No. 25977 -- Deborah N. Hicks v. Kenneth P. Hicks
Maynard, Justice, concurring in part and dissenting in part:
I agree with the majority that the circuit court did not abuse its discretion in
affirming the Family Law Master's refusal to consider the income of the appellee's new
spouse in the child support calculation. Therefore, I concur with that portion of the
opinion. However, I disagree with the majority that the rental value of the appellee's
home should be factored into the child support formula as in kind payments to be included
in the appellant's gross income.
The child support obligation in this case is $1,304.85 per month. The
appellee pays $704.85 per month in child support, and he has agreed to allow his son and
the appellant to live in the marital home incident to child support. The fair rental value
of the home is stipulated at $600 per month. The Family Law Master and the circuit court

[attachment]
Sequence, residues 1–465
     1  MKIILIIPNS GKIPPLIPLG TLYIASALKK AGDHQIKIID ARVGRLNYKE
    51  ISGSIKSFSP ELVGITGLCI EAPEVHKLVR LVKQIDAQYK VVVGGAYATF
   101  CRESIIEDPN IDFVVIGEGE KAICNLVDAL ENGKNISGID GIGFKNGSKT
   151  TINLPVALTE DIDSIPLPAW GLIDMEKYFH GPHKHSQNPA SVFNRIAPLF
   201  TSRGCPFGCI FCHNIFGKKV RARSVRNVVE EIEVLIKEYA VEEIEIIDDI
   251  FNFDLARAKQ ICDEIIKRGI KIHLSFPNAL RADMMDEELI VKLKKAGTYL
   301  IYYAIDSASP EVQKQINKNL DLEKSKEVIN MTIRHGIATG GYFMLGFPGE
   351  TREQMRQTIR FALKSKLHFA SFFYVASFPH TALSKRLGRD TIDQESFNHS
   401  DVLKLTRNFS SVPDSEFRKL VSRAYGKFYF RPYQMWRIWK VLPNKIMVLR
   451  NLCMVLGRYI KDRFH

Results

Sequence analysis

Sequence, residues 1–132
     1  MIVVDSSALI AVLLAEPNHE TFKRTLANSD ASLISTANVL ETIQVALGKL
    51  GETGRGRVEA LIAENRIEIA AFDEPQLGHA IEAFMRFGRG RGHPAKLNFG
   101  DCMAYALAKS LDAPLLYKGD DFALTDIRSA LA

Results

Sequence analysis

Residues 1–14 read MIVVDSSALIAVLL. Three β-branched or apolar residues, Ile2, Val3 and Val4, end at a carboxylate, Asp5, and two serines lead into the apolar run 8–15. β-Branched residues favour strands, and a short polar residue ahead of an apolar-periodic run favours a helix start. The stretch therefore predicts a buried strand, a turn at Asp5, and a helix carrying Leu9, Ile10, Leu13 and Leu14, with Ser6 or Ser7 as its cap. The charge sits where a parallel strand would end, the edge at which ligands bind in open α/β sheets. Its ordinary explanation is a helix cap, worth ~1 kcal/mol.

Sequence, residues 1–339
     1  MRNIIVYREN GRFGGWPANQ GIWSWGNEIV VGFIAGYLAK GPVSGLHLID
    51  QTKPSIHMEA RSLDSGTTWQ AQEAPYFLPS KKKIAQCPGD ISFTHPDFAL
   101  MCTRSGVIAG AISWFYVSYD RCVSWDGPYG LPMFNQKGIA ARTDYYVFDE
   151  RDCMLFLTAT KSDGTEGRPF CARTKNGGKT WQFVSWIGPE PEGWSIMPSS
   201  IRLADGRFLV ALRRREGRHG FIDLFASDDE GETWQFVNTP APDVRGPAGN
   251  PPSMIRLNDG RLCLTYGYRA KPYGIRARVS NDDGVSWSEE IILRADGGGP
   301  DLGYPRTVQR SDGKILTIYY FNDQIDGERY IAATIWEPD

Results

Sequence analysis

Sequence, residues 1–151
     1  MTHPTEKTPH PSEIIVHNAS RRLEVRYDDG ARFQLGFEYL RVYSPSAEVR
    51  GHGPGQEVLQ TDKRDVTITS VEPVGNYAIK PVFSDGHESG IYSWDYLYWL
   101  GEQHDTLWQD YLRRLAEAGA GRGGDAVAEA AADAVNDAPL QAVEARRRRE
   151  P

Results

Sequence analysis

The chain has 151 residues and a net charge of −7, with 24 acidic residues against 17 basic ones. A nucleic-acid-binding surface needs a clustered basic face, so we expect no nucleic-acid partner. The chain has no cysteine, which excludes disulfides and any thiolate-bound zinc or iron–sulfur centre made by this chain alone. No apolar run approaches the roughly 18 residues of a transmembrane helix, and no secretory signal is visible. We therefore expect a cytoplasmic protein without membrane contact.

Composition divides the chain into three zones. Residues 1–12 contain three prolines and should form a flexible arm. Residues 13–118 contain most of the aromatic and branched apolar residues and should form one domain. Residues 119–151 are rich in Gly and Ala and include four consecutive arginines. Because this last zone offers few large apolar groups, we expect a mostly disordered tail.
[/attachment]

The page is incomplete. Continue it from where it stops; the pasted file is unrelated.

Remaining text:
looked at this situation and realized that, minus the agreement as to the home, the appellant
would be entitled to $1,304.85 per month in child support, but would also have to bear
rental or housing costs which, in a comparable home, would amount to at least $600 per
month. Therefore, the decision of the Family Law Master to deduct the rental value of the
home from the total child support obligation essentially places the appellant in the same
position she would be in if the home were not an issue. The appellant gets the benefit of
the home, and the appellee gets the benefit of the reduced child support obligation.
It seems to me that the Family Law Master's solution conforms with the
dictates of common sense and fairness. The majority, on the other hand, unduly
complicates the issue to reach a less equitable solution. Accordingly, I dissent to the
majority's reversal of the circuit court on the issue of how to treat the rental value of the
I am authorized to state that Justice McGraw joins me in this dissent.